We are now seeing a new fluidity of humans, rising to divinity and being free of the fetters that bind us to rules and norms of society. Leaders used to be held to stringent standards. No longer. They now brazenly display their clay feet or horned head, and still attain great power. They retain it too, for a long time.
The president of the United States of America and ostensible leader of the free world is now a man who declares he loves to pat the private parts of women, publicly caricatures and mocks disabled people, spits his disdain of a national hero, ignores aides’ briefing if it lasts beyond eight minutes, shows utter ignorance of all major national issues and lies with abandon to the press and public. Donald Trump did these things before his election and still got elected; he continues to do so, and still has the White House.
Rodrigo Duterte was the mayor of Davao City in the Philippines and tried to slash crime by setting up death squads to kill petty criminals, including poor children. He killed 1,400 people and boasted that he killed three himself, besides having shot a college mate for bullying him. People admired his machismo so much that they elected him president. In the last two years he has had killed 7,000 persons without any hearing or trial. Ignoring poverty and the petty crimes it spawns, Duterte says summary execution is “the most effective way”. An Australian nun, Jacqueline Hamill, was found gang-raped and killed, and in 2016, Duterte said he should have had the first right to rape such a pretty woman. In total contempt for human rights, he has promised to issue a hundred pardons daily for policemen who violate them and a grand one for himself at the end of his term for ‘mass murder’.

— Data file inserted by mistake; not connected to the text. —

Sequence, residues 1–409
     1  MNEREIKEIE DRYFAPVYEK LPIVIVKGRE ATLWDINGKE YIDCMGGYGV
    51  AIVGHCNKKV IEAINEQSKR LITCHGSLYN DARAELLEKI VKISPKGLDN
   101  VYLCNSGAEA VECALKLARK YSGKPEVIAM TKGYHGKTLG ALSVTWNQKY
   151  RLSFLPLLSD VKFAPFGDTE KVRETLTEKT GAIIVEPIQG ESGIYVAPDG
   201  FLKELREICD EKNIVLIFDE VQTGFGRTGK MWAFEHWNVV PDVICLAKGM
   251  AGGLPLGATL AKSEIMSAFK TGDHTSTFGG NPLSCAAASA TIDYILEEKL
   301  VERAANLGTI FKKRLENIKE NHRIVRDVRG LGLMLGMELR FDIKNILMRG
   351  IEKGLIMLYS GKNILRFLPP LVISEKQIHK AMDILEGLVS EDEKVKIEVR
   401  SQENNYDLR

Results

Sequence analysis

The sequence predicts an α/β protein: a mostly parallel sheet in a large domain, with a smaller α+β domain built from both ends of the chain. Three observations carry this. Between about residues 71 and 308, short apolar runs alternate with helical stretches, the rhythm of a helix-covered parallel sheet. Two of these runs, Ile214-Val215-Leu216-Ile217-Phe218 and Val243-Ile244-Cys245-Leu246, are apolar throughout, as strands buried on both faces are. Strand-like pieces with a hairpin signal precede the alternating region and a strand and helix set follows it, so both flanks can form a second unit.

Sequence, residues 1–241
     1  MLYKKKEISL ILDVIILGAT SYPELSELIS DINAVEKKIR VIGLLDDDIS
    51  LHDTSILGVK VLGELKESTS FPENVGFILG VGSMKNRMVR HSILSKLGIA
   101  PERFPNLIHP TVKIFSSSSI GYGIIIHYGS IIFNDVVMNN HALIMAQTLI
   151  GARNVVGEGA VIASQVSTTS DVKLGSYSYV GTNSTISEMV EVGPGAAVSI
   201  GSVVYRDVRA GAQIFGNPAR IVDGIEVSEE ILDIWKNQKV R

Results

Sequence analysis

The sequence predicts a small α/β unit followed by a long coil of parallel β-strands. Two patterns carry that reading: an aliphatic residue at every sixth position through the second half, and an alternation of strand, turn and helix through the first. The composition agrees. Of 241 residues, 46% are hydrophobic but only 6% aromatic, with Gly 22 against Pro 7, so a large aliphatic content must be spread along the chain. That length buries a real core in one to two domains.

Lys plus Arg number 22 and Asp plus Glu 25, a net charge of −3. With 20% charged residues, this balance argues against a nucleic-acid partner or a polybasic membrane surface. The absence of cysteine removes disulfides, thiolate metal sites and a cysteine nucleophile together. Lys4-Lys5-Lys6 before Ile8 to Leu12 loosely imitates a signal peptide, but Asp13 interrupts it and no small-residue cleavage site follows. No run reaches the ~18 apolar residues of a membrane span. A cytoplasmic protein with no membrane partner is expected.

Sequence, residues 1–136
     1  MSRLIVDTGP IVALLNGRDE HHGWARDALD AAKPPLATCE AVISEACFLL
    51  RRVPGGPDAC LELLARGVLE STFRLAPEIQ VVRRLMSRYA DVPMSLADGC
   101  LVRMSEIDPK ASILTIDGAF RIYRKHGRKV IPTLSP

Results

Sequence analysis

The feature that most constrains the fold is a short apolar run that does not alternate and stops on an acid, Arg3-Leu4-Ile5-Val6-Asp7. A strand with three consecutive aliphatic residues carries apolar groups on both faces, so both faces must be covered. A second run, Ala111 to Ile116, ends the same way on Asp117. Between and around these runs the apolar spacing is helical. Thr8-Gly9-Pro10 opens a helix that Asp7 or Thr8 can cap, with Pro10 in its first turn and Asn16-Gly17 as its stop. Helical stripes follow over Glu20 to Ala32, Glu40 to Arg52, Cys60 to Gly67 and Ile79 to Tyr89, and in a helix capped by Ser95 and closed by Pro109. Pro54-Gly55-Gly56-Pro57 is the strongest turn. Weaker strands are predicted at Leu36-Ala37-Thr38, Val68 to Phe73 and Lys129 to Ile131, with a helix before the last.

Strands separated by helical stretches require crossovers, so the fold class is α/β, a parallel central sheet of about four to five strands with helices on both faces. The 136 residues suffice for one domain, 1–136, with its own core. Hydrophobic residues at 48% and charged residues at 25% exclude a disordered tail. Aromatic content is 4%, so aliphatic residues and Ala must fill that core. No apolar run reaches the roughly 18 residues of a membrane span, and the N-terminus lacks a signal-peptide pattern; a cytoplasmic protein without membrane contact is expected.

In Equatorial Guinea, the government arbitrarily arrests people, holds them in incommunicado detention, kidnaps citizens, imprisons and tortures them and kills them with impunity. In a bloody coup, Obiang Mbasogo deposed his uncle and became president 39 years ago, with the promise of an open society. He consolidated his power in successive fraudulent elections, crushed all opposition by torture and murder, and eliminated the free press. Billions from the country’s oil revenue goes directly into his account. Forbes estimates he has $700 million in US banks; in France he maintains mansions, wine collections and supercars.
The Turkish president, Recep Tayyip Erdogan, has converted a functioning democracy into a virtual satrapy. He started off as a moderate and modernizing prime minister, a bridge between the West and Islamic countries, but slowly tightened his grip, manipulating elections, muzzling media and forcing his Islamist views on State-decreed secularism. He took advantage of a half-hearted coup attempt to purge the army and administration, jail thousands and retain only his fans. Erdogan is now converting his country from a Westminster system to a US-type presidential structure, with all checks and balances switched off.
There are other tyrants in the world, such as Bashar al-Assad of Syria and Kim Jong-un of North Korea, who starve, gas, bomb and torture their own people, but they learned their lessons at the feet of their fathers and continue to inflict those lessons on their hapless subjects. The divinities we focus on here are the leaders who began on their own, sometimes with promise, and are leading their countries to ruination and suffering.
There are lessons for India in these experiences in Asia, Europe, Africa and the Americas about how swiftly democratic institutions and practices can be subverted by a shrewd and unscrupulous leader. He can come with golden promises, show some organizing skills, leap on the bandwagon of economic growth, make a fanfare of economic stunts in the name of equity, shake hands and hug in shows of friendliness. But his unflinching goal is to gain power through the dominance of a single party and dispersion of a pernicious doctrine.
Why do we choose such people as our leaders? One answer could be that the people who elect them do not have access to the facts. But media outreach today is all-encompassing, with the written and spoken word penetrating the remotest village. Hardly anybody can be impervious to what is happening around us.
Could the answer then be that we don’t know because we don’t care to know? We can ignore realities, disregard the most outrageous lies and accept the most spurious explanations, because that is what we want to believe. What we want, in our own interest, is to satisfy our preferences and prejudices, and it far outweighs the interests of people around us, our community, even our country. A penny in our pocket or a buzz in our head we value far more than the good of our nation.
That paves the way for our New Gods.